That’s the number of team and individual state titles Upper Arlington High School owns. Forty-seven of those championships have been won by a team, putting the Golden Bears atop the state of Ohio. The first title came in 1937, during FDR’s second term. More than 75 years later, Upper Arlington continues to produce winners, capturing state titles in boys’ and girls’ lacrosse and boys’ tennis this spring.
“There’s great support and appreciation for the tradition that’s been established here,” said boys athletic director Michael Schaefer. “Our athletic success dates back to the 1920s, and I think the whole community has grabbed hold of that and embraced it. It’s not just with athletics but the whole school district in general. There’s extreme support in our athletic programs and district initiatives. It’s really a neat place to be a part of. It really is a special place.”
Founded 100 years ago, Upper Arlington’s location has always been premier. The Marble Cliff Quarry provided convenience a century ago, as did Camp Willis, where thousands of National Guard servicemen were trained before being dispatched to fight Pancho Villa’s troops along the Mexican border.
Today, Upper Arlington’s proximity to the capital city of Columbus and Ohio State University are favorable in attracting businesses and citizens to the area. Education also entices people to cities, and Upper Arlington High School is routinely rated among the best in the state.
The school has been home to numerous National Merit semifinalists and is the only district in the country to receive three White House honors as Service Learning Leaders. One of the best music programs in the nation also calls Upper Arlington home.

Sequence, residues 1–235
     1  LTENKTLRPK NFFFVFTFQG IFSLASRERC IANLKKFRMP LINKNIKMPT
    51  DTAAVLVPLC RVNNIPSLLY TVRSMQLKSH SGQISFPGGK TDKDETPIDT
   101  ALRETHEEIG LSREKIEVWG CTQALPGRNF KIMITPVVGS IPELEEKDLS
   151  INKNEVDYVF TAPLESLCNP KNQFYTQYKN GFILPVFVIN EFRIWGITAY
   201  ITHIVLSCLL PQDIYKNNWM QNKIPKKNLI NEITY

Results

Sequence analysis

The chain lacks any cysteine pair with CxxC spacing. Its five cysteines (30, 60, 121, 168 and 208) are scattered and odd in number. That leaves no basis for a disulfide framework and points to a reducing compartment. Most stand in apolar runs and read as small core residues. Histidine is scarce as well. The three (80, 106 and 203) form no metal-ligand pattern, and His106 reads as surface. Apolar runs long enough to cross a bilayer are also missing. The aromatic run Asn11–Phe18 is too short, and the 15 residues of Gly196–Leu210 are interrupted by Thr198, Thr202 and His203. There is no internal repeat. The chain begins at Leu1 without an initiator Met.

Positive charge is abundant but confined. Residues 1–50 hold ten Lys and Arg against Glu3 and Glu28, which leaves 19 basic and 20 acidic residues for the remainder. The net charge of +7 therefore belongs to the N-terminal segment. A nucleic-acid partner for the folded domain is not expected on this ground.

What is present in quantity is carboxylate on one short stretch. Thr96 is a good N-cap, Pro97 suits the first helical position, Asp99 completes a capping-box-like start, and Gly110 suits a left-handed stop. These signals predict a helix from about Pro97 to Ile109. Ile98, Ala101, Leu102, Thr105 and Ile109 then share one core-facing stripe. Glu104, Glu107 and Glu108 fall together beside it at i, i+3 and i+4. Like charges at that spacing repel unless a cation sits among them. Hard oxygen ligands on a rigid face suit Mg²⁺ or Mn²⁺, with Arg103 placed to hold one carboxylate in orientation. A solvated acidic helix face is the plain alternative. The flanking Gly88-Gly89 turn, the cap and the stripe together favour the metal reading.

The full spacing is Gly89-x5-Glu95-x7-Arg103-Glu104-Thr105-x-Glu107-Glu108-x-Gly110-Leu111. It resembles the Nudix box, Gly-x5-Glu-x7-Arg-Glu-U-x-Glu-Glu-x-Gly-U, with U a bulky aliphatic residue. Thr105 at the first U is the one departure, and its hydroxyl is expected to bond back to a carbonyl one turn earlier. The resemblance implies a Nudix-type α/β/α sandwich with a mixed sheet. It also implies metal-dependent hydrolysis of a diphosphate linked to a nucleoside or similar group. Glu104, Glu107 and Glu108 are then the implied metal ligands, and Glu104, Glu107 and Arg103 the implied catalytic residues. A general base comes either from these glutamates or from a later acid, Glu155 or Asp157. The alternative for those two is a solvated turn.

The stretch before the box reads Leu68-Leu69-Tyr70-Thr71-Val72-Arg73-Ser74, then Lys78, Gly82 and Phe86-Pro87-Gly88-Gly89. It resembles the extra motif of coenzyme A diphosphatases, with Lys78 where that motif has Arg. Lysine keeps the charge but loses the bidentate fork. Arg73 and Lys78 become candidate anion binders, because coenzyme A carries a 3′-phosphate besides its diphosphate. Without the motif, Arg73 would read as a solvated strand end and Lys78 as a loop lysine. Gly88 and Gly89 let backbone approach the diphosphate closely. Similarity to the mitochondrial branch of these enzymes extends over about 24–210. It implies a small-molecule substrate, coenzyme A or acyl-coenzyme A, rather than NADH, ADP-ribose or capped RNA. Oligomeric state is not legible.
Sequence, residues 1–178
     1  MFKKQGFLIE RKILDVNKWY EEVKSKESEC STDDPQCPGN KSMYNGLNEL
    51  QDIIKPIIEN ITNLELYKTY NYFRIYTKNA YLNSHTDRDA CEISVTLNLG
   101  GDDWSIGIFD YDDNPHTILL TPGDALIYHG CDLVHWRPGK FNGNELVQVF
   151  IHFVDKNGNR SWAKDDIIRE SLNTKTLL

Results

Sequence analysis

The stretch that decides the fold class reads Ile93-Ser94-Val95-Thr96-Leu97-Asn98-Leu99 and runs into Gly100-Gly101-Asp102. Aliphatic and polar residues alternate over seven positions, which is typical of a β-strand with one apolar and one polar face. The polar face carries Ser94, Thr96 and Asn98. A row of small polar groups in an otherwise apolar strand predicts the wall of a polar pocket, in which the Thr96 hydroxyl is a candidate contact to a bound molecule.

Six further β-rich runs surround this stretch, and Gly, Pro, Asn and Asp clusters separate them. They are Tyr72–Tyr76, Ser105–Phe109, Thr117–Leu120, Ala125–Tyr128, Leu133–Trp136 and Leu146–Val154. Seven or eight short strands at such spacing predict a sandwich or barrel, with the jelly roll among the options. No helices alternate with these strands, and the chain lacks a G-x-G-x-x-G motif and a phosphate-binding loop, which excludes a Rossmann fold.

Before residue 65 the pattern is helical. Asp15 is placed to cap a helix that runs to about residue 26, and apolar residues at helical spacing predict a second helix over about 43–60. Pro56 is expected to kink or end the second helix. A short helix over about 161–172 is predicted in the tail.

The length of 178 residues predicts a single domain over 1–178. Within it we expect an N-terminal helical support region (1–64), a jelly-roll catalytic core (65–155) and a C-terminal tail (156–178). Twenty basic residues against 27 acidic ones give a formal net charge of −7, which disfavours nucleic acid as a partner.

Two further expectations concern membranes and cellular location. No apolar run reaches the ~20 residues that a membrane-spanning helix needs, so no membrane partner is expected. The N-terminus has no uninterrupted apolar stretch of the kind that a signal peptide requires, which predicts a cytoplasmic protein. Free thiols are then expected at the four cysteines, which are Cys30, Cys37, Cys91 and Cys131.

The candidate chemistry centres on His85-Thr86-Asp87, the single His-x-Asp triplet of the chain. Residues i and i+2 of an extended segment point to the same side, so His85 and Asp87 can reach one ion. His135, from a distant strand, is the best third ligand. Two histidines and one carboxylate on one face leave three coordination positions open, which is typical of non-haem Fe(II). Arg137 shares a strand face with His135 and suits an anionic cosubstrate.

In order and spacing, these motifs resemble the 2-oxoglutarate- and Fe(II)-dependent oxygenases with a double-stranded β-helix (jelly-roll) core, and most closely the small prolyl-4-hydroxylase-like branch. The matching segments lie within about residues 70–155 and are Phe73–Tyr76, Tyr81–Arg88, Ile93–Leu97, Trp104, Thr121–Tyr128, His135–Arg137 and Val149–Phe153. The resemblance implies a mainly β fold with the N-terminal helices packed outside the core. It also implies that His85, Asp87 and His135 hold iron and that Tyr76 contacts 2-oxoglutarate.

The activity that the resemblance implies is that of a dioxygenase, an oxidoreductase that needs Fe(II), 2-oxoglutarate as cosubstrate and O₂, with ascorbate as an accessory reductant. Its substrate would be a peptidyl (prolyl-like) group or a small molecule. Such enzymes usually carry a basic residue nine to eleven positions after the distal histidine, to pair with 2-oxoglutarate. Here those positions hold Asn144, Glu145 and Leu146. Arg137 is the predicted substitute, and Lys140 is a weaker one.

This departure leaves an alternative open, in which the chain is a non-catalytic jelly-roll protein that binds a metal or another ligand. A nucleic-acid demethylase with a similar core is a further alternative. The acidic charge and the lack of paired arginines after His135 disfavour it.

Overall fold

With ‘The Best Damn Band In The Land’ a few blocks away providing inspiration, Upper Arlington’s first band took shape in 1929. The 36-member ensemble first performed at the dedication of the school’s athletic field at what is now Jones Middle School. In the years since, the Golden Bear Marching Band has performed at Disney World, Ohio State’s Skull Session, the BCS National Championship, Orange, Sugar, Gator and Outback bowls and Steelers, Browns and Bengals games.
Few schools and communities are able to draw on the amount of tradition like Upper Arlington. Success has been present since the first nail was hammered into a piece of wood. Generations of hard work and achievement in various settings have kids striving for similar wellbeing.
“I think success is part of the culture and beliefs here,” Schaefer said. “Our kids believe they are going to do well. What you have to do is educate them on the process to get there. But I think that’s a huge positive, believing those goals are achievable.
Upper Arlington, Ohio
- Population: 34,203
- Where: 40.021, -83.066
- County: Franklin
- Zip Code: 43212, 43220, 43221
- Area Code: 614
- Fun Fact: The 1980s sitcom Family Ties was set in Upper Arlington.
“They come in believing it can be done, because it has been done before. They’ve seen teams do great things their whole lives. I feel strongly we have the structure in place with our offseason programs to provide our kids with opportunities to really make a run at some things.”
Even though Upper Arlington is located in the shadow of a large university and city of more than one million people, it retains its small-town feel. The population is just over 30,000 and neighborhoods are as idyllic as any in America. Some families have been around for several generations.
Just last season, the Golden Bear football team had a captain that continued on a family tradition. His grandfather and father before him also captained the Upper Arlington football team.
“It was a really neat family affair and neat to see,” Schaefer said. “I think it’s pretty special here.”
When you’re just steps away from Ohio Stadium and you have that neighbor on Cardiff Road, chances are football will have a place in you life. For many Arlingtonians, that’s the case when fall rolls around, most specifically Friday and Saturday. Just make sure you get to Moorehead Stadium early or you might not get a seat.